First the breakup, then the requisite division of property.
Among the official belongings of Jack Stick, former general counsel for the Texas Health and Human Services Commission, is one black leather executive chair — high-backed with a five-star wood capped base and closed arms. The state seal is subtly embossed, not emblazoned in gold leaf like many state chairs, but done “blind,” as the furniture makers say, with no coloring so it whispers with a certain dignity from behind the chair’s occupant.
On the back, an engraved brass plate reads “Deputy Inspector General” — Stick’s second-to-the-last job at the agency. A chair once used by Doug Wilson, Stick’s former boss before he, too, was asked to leave the agency, matches in every detail but the nameplate, which reads “Inspector General.”
At $2,809.43 apiece, they are quite nice chairs.
But it wasn’t until the two men departed in mid-December, that word of the purchases spread among staff. An order was placed by Stick’s office on Oct. 17, 2013 with Rockford Business Interiors of Austin. They were delivered to Cody Cazares, Stick’s chief of staff, on Feb. 21, 2014.
“I did ask for the same chair as the one in the House committee rooms,” Stick said in an email. “I don’t know what the cost was.”
The Office of Inspector General is that agency’s auditing arm, responsible for ferreting out waste, fraud and abuse.
“What’s disappointing about this is the purchases were made by the Office of Inspector General,” said HHSC spokeswoman Stephanie Goodman. “And I wonder if they (OIG) had gone out to one of our Medicaid providers, or contractors, who they were auditing and saw they had spent $2,800 on one chair, would they question that? We should hold ourselves to an even higher standard than we hold our providers to.”
After Stick’s abrupt departure, the question of what to do with his customized chair arose as staffers bundled up his belongings to deliver to his home. Cazares, Stick’s second-in-command before he was placed on paid administrative leave, told them to send the chair along, before another staffer pointed out that taxpayers might have paid for it.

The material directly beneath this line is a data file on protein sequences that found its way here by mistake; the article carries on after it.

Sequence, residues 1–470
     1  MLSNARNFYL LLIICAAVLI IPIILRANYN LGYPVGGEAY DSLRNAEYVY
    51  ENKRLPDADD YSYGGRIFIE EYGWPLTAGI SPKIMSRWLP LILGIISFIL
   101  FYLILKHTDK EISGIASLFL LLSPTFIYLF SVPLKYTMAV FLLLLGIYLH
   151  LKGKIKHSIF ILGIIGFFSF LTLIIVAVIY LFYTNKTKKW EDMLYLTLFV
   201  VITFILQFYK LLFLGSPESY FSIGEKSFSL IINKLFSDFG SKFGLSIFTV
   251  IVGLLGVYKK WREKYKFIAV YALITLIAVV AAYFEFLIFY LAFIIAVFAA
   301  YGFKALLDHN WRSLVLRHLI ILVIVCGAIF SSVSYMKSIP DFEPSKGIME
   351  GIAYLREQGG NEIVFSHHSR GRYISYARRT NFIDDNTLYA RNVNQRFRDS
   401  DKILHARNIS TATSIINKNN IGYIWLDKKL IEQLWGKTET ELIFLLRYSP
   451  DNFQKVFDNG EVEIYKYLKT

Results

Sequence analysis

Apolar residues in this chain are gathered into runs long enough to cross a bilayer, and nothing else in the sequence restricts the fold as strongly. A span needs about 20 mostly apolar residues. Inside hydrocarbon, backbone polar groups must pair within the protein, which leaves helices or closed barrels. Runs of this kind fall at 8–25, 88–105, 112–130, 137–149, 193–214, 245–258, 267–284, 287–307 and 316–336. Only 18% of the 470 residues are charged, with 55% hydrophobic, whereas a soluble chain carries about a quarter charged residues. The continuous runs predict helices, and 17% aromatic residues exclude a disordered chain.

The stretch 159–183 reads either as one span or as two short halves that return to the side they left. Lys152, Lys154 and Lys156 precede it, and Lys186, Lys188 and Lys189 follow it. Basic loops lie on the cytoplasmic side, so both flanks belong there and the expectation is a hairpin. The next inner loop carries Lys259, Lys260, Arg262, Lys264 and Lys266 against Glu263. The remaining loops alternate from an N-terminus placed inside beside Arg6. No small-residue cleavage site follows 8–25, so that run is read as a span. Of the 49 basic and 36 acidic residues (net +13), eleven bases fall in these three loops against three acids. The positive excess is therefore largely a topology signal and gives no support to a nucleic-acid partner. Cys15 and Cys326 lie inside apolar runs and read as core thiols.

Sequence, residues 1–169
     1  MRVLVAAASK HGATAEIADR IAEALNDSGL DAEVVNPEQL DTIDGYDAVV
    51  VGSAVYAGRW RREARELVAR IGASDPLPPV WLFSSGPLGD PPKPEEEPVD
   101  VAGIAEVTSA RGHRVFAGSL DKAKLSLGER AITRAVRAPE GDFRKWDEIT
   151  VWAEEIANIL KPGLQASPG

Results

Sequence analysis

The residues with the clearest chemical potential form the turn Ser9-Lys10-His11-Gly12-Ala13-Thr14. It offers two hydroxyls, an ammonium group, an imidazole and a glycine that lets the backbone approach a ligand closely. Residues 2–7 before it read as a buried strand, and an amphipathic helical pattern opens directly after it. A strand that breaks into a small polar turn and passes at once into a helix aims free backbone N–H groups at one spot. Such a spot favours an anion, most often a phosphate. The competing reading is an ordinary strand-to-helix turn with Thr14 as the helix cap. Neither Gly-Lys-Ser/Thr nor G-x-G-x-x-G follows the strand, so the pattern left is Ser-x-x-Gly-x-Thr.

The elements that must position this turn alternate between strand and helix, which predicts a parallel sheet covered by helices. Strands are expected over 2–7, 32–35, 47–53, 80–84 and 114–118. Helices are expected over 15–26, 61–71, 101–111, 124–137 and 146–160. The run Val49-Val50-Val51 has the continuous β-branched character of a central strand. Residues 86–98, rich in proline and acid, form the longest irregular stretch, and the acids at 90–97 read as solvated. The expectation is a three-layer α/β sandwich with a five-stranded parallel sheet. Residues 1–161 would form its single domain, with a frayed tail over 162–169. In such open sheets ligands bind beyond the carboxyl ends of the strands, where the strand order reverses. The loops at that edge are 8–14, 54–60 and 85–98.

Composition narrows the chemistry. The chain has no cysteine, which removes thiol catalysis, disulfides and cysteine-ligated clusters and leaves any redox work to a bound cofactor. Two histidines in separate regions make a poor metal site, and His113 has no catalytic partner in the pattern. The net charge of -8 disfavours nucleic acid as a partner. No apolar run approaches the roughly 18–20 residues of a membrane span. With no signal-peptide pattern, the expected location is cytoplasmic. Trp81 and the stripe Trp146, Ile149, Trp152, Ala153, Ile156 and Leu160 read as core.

Indeed they had, paperwork showed.
Stick confirmed he ordered the chairs, but said he never asked to keep his.
Stick and Wilson were asked to resign following the announcement that Texas State Auditor’s Office was investigating HHSC contracting procedures following the award of a $20 million fraud tracking software contract by HHSC to 21CT.
Cazares was placed on leave as a precautionary measure to guard against any conflict of interest during the review. Wilson’s wife, Frianita Wilson, who works for purchasing at the Texas Department of Family and Protective Services, also remains on leave. Erica Stick, Jack Stick’s wife and chief of staff to HHSC Executive Commissioner Kyle Janek, was also placed on leave but has since resigned.
Last month, Cazares’ salary, which rose from $52,000 to $112,200 between 2011 and 2014, was slashed to $55,000 after his job was reclassified. He remains on leave and declined comment, referring questions about the chairs to the agency.
As for what the agency will do with the chairs, they’re asking for suggestions.
“We’re trying to figure that out,” Goodman said. “We’re trying to look at that. Got any ideas?”
This article originally appeared in The Texas Tribune at http://www.texastribune.org/2015/02/03/left-behind-hhsc-departures-two-2800-chairs/.